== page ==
Did you know that about a third of all domestic waste is packaging? A shift towards buying food and drink in recyclable packaging, buying a few things in bulk and re-using carrier bags does make a difference. We are care-takers stewards of the earth, the Prophet (peace be upon him) said, “The world is beautiful and verdant, and verily God, the exalted, has made you His stewards in it, and He sees how you acquit yourselves” (Saheeh Muslim). Being mindful of our consumption and how it impacts on our environment is definitely something to consider!
Fish. Oily fish (salmon, herring, sardines) are rich in omega-3 fatty acids, which contributes to improving heart health.
Soups. Soups and stews help replace the fluids lost during the day and can be packed with a lot of goodness if done well – vegetables, lentils, fresh herbs etc!
Brown rice. Brown rice contains more fibre, vitamins and minerals in comparison to white rice. More fibre keeps the body fully for longer. White rice is made up of only the almost nutritionally void part of the grain. However, white rice is almost a staple food for many and whilst it is more processed it might not need cutting out completely.
Nuts. High in protein, fibre and essential fats. Hazelnuts, almonds and chestnuts have low saturated fat content while cashews and Brazil nuts have a high saturated fat level.
Fried food. We’ve all had fried samosas or chicken during Ramadan, but the internet is filled with healthier versions of different food we know and love, let’s take the time to do some research for the benefit of our health. Try grilling or roasting everything you are used to frying or cut the foods that can only be fried down significantly.
Food high in saturated fat. Butter, ghee, pastries, cakes and biscuits all have a lot of saturated fat associated with ‘bad’ cholesterol which increases the risk of heart disease. Incorporate sparingly and think about swapping butter for reduced-fat spreads for example.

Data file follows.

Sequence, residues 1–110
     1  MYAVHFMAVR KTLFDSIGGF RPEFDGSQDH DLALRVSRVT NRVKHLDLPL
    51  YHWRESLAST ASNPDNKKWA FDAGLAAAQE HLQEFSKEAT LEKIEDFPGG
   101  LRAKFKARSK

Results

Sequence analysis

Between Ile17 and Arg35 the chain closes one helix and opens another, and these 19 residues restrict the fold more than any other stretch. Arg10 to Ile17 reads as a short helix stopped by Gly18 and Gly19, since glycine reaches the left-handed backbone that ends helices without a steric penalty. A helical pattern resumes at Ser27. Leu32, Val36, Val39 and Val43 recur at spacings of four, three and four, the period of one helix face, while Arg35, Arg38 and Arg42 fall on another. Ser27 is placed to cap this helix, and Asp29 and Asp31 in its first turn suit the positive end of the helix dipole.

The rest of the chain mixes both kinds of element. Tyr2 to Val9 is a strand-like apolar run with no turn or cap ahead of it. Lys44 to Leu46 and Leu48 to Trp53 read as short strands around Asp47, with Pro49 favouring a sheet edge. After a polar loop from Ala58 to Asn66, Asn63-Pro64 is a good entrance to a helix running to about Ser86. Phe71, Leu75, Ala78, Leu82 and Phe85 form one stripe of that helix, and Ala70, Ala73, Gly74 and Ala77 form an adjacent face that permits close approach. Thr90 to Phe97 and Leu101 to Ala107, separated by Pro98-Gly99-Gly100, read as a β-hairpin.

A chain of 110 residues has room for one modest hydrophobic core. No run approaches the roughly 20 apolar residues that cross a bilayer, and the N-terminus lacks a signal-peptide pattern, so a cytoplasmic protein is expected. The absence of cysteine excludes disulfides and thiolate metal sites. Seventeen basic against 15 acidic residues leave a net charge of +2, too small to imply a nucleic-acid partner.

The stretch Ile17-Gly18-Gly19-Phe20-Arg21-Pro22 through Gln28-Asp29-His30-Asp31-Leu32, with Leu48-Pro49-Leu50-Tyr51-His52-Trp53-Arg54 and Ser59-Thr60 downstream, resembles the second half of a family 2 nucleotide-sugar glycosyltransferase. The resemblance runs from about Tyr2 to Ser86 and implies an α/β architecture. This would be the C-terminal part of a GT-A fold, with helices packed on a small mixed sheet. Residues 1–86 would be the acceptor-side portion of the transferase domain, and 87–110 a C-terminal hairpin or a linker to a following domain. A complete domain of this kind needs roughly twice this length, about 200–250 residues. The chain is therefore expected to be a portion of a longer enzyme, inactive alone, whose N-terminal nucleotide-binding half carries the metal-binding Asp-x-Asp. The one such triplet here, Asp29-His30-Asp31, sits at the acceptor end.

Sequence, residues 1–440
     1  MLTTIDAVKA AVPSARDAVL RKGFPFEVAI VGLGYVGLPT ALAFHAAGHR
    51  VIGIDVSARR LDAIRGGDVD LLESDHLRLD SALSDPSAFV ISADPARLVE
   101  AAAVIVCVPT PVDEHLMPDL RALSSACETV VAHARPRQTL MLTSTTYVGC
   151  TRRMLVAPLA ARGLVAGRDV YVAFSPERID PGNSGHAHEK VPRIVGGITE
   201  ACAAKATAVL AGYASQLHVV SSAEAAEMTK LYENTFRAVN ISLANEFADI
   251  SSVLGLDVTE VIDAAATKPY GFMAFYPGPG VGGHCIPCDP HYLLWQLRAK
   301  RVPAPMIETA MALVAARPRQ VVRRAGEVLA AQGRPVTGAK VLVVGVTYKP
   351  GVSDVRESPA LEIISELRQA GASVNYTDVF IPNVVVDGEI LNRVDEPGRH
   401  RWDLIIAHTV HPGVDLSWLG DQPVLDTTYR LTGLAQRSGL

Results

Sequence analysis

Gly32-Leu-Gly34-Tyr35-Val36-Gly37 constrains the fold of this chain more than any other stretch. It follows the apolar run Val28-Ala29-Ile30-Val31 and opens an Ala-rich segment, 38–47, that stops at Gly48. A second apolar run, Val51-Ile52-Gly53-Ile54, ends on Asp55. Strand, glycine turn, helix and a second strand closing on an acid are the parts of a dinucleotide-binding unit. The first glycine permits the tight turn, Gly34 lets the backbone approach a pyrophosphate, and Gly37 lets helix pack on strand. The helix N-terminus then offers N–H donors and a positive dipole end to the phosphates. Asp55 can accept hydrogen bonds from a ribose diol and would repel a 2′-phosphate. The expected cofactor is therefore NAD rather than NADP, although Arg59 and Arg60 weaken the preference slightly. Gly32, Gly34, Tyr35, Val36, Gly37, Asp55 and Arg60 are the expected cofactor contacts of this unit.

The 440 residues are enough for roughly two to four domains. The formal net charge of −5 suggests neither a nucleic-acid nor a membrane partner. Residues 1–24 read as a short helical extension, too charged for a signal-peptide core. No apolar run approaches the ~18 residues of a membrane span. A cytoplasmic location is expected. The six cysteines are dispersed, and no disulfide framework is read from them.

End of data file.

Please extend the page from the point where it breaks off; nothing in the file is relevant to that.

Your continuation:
Salt. A high-salt diet is associated with a raised blood pressure which in turn impacts the risk of heart disease. Let’s cook with less salt, choose reduced-salt products and incorporate flavour alternatives such as garlic, herbs and fresh vegetables.
Sugar. A lot of traditional desserts are soaked in syrup (baklava, gulab jamun, kunafe..) and we eat them out of habit with tea and coffee which can also be sweetened. An occasional treat is lovely, but in small occasional portions!
Miqdam bin Madikarib said: “I heard the Messenger of Allah (ﷺ) say: ‘A human being fills no worse vessel than his stomach. It is sufficient for a human being to eat a few mouthfuls to keep his spine straight. But if he must (fill it), then one third of food, one third for drink and one third for air.’”
We are fortunate to be guaranteed food and fasting with our fridges and freezers filled, alhamdulilah. Ramadan can be a time where we buy so much food especially when hosting Iftars and family gatherings. Let’s try and be mindful of of waste. If a lot of food is left after Iftar, leftovers can make for great new meals with a little time and creativity!
Making small changes will go a long way and help contribute to our health over time. Ramadan is the perfect opportunity to reflect on what we are putting into our bodies. I hope these tips help, do remember to do some research and seek individual advice especially if you are pregnant or breast-feeding.
I wish you all a blessed and productive Ramadan 2019, in sha Allah!